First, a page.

Trucking is experiencing a normal recovery from the recession and should be able to impose rate increases of 6-8 percent, including fuel, in 2012, economist Noel Perry said at an FTR Associates online seminar Dec. 8.
Trucking will not be able to restore quickly the driver and truck capacity it lost during the recession, said Perry, an FTR senior consultant.
He said the “capacity crisis” he forecast for this year will be pushed back to next year because of the delay in revising the hours of service rule, which is expected to restrict productivity. By late 2012, the industry likely will be dealing with that impact and the effects of slow economic recovery.
Perry said only now is the industry recovering from the recession. Freight transportation is growing almost as fast as the gross domestic product and has recovered about 41 percent of tonnage hauled before the recession. He doesn’t expect a complete recovery until the end of this decade, perhaps sooner. He’s forecasting economic growth of 2.5 percent to 3 percent next year.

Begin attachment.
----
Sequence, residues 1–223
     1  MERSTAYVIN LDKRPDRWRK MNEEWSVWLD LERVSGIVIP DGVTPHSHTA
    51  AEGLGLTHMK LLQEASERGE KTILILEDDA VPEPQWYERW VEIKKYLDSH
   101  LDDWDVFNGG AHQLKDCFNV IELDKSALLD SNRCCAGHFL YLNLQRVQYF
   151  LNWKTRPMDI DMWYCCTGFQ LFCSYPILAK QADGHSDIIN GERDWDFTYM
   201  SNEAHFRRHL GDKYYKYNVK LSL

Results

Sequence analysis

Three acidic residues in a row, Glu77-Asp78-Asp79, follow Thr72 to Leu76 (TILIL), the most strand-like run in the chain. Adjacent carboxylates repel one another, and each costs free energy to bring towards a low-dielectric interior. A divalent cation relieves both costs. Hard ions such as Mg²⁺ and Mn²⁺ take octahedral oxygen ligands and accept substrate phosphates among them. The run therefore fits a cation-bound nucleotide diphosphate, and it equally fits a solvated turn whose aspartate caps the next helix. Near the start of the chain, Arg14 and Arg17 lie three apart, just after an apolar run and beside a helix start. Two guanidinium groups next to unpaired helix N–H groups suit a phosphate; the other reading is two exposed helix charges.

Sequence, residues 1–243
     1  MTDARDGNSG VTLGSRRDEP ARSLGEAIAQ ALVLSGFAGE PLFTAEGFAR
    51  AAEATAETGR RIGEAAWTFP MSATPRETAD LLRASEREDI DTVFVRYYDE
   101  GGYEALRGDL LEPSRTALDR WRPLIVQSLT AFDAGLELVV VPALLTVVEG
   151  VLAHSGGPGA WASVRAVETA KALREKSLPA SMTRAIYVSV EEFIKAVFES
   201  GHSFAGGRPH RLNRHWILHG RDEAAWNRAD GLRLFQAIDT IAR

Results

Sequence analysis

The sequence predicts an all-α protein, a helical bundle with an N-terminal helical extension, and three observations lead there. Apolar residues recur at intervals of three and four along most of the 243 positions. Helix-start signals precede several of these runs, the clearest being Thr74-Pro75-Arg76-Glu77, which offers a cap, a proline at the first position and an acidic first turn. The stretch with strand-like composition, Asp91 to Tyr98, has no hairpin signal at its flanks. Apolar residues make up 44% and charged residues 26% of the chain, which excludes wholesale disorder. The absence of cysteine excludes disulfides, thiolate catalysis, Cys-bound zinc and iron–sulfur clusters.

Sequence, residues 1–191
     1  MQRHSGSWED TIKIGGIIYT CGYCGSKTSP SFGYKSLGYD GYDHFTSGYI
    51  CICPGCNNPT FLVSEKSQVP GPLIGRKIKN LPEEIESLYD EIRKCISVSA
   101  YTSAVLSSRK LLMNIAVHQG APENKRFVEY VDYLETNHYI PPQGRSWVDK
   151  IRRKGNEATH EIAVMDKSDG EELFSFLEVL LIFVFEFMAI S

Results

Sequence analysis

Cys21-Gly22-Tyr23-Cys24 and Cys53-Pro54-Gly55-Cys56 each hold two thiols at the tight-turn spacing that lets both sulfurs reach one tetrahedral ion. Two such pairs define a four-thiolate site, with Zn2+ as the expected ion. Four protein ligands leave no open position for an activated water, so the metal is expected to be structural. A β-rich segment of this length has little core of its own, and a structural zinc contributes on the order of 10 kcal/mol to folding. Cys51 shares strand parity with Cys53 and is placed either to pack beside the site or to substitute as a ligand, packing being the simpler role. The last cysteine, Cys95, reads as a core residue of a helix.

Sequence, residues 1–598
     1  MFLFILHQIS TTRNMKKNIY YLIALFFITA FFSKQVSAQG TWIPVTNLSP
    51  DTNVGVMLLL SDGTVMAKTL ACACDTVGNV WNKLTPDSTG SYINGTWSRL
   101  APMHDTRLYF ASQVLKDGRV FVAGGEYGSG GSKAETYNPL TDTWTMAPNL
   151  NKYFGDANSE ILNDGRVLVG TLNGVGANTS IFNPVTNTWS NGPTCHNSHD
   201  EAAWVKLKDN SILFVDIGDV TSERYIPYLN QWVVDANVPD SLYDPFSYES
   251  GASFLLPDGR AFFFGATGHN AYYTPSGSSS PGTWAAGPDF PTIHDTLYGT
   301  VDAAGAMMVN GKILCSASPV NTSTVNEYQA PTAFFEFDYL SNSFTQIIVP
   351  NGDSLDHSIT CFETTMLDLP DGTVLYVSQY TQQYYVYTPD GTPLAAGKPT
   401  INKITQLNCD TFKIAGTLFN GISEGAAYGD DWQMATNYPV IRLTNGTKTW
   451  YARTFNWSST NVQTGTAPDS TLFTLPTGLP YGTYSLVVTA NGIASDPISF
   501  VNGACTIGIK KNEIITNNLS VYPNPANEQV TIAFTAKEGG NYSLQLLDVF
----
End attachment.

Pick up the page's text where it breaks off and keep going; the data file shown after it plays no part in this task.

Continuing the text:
One growing niche is in serving those doing hydraulic fracturing for natural gas and oil wells. Trucks haul water and sand to these often remote exploration sites. “Short-term it’s a big bonanza for trucking,” Perry said.